I want the paperback of A. J. Menden’s Sorceress, Interrupted. Problem: It’s out of print (Dorchester went under), so the only paperbacks via AbeBooks and eBay are ridiculously expensive.
However, I’ve found some at Amazon Canada. The price is $12.41 (Canadian). No word on shipping costs to Australia, and even if I wanted to buy it I can’t because Amazon requires a credit card.
HOW YOU CAN HELP
1. Do you know anyone with a paperback they’d be willing to post to me in Australia? Tell them to contact me with their price (including shipping). I can pay via PayPal.
2. Find out how much Amazon Canada charges to post to Australia. Then let me know the total price, and I’ll think about getting you to buy the book for me (will pay via PayPal).
Thanks, anyone and everyone, if you can help.
P.S. Don’t suppose anyone actually has Book 4 in the series, The Girl with the Granite Heart? It was scheduled for publication in November 2011, but I don’t think it ever was 😦
P.P.S. I heard Amazon (the publisher) bought Dorchester’s backlist (for those authors who hadn’t already got their rights back), but haven’t heard about their re-publication plans. Would love to hear from anyone in the know. TezMillerOz at gmail dot com
Huzzah – I’ve found the summary for A. J. Menden’s Sorceress, Interrupted:
A. J. Menden
Sorceress, Interrupted (Elite Hands of Justice, Book 3)
Dorchester Love Spell (US: 28th September 2010)
Though Megalopolis has many superheroes, none of them is quite like Fantazia. That’s no surprise, given her parentage. But immortality is hard, even for a sorceress. Watching loved ones age and die…? It’s better to live in a pocket universe tending bar. It’s safer to remain cold and aloof, to not get attached to anything or anyone. So, helping the Elite Hands of Justice defeat the Dragon was a mistake. Her father’s band of shiny, happy do-gooders with social lives right out of a soap opera gave Fantazia a taste of camaraderie – and of something else. Hanging around their mysterious ally has birthed a new threat, something worse than the evil plot of the city’s newest super-villain. The true peril is Cyrus…for he threatens Fantazia’s heart.
Good news for fans of A. J. Menden and her Elite Hands of Justice series 🙂 From here:
A. J Menden’s second book in the Elite Hands of Justice series, Tekgrrl, just came out in stores and is getting terrific reviews…And Dorchester just picked up the next two books in the series, both scheduled to come out in 2010.
No word yet on titles, but I think they’ll be Fantazia’s and Kate’s stories. Will keep you posted on release dates.
In the meantime, catch up with the first two EHJ novels:
Phenomenal Girl 5: Buy (US) Buy (UK) Buy (CA) Buy (Worldwide)
Tekgrrl: Buy (US) Buy (UK) Buy (CA) Buy (Worldwide)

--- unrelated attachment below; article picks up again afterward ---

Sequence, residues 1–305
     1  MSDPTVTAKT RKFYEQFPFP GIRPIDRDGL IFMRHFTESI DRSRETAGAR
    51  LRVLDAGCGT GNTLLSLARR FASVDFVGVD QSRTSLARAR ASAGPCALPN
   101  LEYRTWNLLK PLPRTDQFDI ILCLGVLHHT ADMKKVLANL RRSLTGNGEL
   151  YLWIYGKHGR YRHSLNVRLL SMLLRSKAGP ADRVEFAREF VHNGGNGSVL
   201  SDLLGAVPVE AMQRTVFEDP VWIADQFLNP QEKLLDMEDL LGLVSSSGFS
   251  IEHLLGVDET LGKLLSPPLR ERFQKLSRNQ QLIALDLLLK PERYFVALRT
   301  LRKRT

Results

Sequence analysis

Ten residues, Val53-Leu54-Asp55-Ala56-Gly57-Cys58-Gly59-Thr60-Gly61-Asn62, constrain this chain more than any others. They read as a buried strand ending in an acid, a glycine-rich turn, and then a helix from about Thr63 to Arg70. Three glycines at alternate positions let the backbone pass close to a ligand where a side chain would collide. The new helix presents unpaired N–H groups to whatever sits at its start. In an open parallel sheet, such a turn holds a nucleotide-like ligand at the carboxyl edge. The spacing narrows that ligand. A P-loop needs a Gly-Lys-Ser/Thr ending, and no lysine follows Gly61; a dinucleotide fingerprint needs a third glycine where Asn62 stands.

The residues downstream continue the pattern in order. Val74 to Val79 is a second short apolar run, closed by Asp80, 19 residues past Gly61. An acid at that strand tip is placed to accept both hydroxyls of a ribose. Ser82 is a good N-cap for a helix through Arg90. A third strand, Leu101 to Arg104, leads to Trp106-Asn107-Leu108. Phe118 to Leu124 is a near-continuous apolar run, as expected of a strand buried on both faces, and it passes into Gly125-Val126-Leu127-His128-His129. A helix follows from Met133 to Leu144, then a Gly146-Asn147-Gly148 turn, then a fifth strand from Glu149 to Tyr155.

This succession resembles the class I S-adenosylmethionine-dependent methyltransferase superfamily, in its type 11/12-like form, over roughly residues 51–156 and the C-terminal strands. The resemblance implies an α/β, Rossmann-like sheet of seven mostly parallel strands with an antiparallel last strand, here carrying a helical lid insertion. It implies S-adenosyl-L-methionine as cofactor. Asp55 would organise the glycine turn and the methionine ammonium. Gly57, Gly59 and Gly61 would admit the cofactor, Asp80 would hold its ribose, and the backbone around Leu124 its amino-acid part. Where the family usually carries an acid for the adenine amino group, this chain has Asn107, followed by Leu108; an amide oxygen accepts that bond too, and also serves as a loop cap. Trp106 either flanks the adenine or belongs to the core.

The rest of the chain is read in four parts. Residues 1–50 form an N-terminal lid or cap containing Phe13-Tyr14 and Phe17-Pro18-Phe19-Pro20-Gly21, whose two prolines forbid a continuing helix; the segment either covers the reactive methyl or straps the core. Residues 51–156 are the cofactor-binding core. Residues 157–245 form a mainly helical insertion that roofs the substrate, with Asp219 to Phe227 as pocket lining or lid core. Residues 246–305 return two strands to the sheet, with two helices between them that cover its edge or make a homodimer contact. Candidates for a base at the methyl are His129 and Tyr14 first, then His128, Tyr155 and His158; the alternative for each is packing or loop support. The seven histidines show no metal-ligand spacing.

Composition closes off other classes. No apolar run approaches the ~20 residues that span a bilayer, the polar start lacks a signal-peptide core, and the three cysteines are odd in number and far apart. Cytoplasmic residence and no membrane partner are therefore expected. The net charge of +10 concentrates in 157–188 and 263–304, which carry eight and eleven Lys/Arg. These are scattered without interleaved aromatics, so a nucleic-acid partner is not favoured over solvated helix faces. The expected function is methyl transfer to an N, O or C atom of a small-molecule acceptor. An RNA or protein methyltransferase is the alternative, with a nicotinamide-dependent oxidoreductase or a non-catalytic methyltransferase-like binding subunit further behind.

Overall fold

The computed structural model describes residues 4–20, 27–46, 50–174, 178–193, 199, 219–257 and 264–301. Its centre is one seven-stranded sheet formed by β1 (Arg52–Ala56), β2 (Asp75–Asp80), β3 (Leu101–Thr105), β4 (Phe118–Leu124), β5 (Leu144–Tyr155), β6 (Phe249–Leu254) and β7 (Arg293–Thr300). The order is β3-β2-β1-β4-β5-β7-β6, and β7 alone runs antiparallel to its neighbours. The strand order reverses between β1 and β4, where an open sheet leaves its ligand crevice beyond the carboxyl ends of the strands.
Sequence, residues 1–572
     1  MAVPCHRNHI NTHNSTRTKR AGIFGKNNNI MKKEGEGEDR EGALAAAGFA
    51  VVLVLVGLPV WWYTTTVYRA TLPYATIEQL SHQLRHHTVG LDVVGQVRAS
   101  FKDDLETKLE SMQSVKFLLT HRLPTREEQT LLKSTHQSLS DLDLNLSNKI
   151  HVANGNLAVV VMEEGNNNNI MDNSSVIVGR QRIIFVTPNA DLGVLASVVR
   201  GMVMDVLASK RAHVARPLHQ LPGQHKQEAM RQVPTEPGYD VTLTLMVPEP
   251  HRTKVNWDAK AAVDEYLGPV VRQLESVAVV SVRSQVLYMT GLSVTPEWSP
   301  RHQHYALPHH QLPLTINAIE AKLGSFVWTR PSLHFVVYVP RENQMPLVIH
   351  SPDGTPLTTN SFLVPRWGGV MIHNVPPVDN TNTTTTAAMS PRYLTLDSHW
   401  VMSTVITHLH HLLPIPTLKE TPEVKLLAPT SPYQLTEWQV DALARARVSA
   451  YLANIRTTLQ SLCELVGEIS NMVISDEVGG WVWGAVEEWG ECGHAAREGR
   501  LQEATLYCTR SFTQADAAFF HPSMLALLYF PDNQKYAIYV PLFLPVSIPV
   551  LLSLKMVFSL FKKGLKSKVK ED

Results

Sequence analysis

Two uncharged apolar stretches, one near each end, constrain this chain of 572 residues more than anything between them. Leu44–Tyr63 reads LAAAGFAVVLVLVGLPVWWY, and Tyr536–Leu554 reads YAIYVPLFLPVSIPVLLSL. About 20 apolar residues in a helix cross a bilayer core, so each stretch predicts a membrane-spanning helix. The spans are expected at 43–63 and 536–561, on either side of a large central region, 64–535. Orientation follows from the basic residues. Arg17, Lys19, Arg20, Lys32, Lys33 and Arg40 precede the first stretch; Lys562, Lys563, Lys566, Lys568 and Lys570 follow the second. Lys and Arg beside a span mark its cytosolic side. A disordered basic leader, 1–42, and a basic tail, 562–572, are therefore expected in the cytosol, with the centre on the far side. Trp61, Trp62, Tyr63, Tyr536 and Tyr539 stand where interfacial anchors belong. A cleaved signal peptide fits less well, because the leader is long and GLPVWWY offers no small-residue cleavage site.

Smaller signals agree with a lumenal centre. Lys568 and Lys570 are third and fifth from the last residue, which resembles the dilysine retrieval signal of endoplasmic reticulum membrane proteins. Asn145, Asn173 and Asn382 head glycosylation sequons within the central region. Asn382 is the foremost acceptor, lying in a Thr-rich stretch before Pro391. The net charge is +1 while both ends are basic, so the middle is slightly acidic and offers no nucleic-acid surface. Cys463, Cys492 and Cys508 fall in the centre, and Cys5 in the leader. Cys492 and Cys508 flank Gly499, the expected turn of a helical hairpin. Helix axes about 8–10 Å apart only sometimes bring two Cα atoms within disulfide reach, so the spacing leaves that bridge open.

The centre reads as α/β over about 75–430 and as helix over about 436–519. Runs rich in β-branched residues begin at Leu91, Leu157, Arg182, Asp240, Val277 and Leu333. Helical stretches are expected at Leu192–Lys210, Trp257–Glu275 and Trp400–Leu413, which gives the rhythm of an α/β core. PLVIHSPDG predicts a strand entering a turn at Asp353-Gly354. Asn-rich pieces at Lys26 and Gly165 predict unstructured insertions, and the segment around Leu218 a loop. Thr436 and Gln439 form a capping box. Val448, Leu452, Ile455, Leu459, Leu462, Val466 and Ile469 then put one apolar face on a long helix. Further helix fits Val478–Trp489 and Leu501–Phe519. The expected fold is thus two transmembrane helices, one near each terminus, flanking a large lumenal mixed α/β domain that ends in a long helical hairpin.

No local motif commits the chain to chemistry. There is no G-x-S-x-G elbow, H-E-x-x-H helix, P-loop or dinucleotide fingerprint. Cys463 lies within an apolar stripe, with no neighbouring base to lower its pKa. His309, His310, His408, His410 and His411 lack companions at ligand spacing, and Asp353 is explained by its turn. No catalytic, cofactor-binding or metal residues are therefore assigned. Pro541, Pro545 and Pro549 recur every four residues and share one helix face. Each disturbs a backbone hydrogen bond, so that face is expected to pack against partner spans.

A. J. Menden
Tekgrrl (Elite Hands of Justice, Book 2)
Dorchester Leisure (US: 26th May 2009)
Cover by Judy York
Buy (US) Buy (UK) Buy (CA)
Repressed memories are resurfacing, whether Tekgrrl wants them to or not, in A. J. Menden’s second Elite Hands of Justice superhero romance, Tekgrrl.
The Doctors Clark sent their daughter Mindy on student exchange…to another planet. She adored her Kalybri foster family, and was fluent in the language. But Mindy wasn’t prepared for the devastating events that have been blocked from her recall until now, when she’s almost thirty. There’s got to be a reason for the migraines, and the mysterious voice in her head – and why they’re around now.
Tekgrrl starts slowly, reintroducing readers to characters last encountered in Phenomenal Girl 5. Mindy’s fellow superheroes all seem to be teaming up, and she’s lonely. She has so much for which to be grateful, but instead she’s moping around, except when working on technological projects. The interesting plot points take their sweet time coming.
Then along comes Chapter 17, the most outstanding portion of this novel, and I finally connected. And the reason is all so human – social commentary. Though it takes place on another planet, the events are no doubt happening in real life, and it’s impossible not to feel compassion for Mindy and all the others trapped in that awful situation. It just goes to show that the best kind of escapist fiction is the type that’s not afraid to give a huge dose of reality. It certainly puts things in perspective for Mindy, and should for readers, too.
From there on, the book is a lot more on the ball, with fascinating content and huge twists – prepare to be startled. I unintentionally pulled myself out of the story when I came across the name Doctor Chaos (as it reminded me of Professor Chaos and General Disarray from South Park, thus eliciting laughter), but overall Tekgrrl is a winner. Here’s hoping Aphrodite gets to star in a future novel.